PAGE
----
Swift’s album highlights mature songwriting

Charlotte Reynolds, Managing Editor

Just 11 months after the release of Taylor Swift’s seventh studio album ‘Lover’, she surprisingly released a 16 track album. Accurately titled, ‘Folklore’ appeals to the ears of those who enjoy folk and acoustic music. Vastly different from any genre Swift has experimented with before, ‘Folklore’ perfectly compliments Swift’s songwriting style with an alternative aesthetic that she described herself as “sad, beautiful, and tragic”.

‘Cardigan’ was recognized as the first single when the album was released, along with ‘Betty’ and ‘August’. The trilogy is referred to by Swift as the “teenage love triangle” which highlights three different perspectives from the same love story. A stand out song from Swift’s fourth album, ‘All Too Well’ is thought by critics to have birthed the style of ‘Folklore’. ‘All Too Well’ showcases Swift’s ability to tell a story vividly while centering around symbolism. The song begins by providing specific details Swift remembers “all too well” after a tragic end to her relationship. This builds to the heartbreaking bridge that says, “And you call me up again just to break me like a promise, so casually cruel in the name of being honest.”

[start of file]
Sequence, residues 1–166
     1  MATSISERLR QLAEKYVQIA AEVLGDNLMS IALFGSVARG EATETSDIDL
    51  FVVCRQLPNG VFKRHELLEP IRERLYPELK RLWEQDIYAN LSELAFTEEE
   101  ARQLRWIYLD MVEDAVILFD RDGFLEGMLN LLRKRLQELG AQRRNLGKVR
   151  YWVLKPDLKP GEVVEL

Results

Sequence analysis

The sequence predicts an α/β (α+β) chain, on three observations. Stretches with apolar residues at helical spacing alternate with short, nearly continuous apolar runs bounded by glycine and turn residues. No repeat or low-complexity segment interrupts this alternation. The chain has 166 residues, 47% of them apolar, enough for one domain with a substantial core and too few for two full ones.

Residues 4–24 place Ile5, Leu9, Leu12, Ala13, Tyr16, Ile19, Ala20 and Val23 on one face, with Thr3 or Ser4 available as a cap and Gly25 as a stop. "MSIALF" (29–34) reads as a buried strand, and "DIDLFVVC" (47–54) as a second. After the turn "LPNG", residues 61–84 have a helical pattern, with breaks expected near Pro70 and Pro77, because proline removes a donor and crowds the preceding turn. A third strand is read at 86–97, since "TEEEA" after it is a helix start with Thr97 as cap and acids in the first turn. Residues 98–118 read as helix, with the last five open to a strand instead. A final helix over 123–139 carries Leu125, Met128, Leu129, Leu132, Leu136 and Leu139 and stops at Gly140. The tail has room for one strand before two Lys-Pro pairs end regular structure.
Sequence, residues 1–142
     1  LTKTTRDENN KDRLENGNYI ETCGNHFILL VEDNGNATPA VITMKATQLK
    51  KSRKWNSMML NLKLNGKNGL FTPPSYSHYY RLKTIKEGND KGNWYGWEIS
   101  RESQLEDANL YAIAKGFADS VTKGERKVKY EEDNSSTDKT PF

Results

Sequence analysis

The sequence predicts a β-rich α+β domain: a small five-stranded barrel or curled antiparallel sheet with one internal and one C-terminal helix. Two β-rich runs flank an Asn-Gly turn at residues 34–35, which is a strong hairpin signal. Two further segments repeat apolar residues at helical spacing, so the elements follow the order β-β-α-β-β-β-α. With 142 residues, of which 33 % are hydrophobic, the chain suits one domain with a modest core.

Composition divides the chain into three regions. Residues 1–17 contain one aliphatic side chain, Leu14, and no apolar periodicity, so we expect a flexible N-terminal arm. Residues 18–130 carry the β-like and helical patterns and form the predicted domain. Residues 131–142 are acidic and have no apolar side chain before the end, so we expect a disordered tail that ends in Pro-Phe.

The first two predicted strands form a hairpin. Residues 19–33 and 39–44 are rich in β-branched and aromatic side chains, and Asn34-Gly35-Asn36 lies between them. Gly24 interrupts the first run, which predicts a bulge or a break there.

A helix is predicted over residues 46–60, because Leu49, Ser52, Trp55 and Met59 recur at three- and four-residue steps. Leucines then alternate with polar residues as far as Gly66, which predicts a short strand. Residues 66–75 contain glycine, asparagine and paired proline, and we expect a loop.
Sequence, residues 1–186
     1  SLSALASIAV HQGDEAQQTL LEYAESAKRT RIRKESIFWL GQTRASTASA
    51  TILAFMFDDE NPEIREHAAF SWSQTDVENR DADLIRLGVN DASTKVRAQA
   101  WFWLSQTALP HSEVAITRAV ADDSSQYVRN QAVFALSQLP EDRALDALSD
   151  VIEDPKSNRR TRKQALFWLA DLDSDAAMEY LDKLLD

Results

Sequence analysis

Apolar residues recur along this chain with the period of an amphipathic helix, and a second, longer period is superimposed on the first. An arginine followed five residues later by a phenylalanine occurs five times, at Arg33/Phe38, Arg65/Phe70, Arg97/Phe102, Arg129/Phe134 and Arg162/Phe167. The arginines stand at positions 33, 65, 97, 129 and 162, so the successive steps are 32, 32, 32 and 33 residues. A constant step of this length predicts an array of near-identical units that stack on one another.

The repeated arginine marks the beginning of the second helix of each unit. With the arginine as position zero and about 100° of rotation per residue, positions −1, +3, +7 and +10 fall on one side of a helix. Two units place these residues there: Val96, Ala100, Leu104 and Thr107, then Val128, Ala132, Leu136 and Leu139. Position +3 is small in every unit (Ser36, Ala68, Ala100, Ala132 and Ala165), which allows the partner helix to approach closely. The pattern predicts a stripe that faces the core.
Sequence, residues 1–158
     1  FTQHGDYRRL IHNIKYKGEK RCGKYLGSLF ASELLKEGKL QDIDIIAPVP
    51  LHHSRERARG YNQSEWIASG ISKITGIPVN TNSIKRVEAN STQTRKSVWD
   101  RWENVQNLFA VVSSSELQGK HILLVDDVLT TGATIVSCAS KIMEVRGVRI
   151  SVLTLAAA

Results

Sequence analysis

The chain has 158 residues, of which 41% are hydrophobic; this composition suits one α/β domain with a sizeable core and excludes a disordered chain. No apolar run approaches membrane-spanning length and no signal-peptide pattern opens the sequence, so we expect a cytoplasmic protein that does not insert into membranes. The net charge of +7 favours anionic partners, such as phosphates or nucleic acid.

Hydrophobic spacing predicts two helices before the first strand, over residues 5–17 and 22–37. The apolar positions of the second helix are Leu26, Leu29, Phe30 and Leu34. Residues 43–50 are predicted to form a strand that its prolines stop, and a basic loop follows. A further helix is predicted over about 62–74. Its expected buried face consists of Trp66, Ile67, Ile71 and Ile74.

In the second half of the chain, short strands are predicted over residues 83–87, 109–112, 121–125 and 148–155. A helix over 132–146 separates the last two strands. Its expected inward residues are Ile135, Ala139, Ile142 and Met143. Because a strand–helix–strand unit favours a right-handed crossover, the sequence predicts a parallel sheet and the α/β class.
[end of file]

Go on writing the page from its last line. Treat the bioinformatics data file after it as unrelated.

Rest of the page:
Swift exercised that same style while writing ‘Exile’. ‘Exile’ features indie-folk band Bon Iver. Swift paints the picture of loss and disorientation of a lover that once felt like home. “You’re not my homeland anymore, so what am I defending’ now? You were my town , now I’m in exile seeing’ you out”. ‘Folklore’ has an abundance of charming writing to unpack and analyze, which makes it all the more enjoyable to listen to.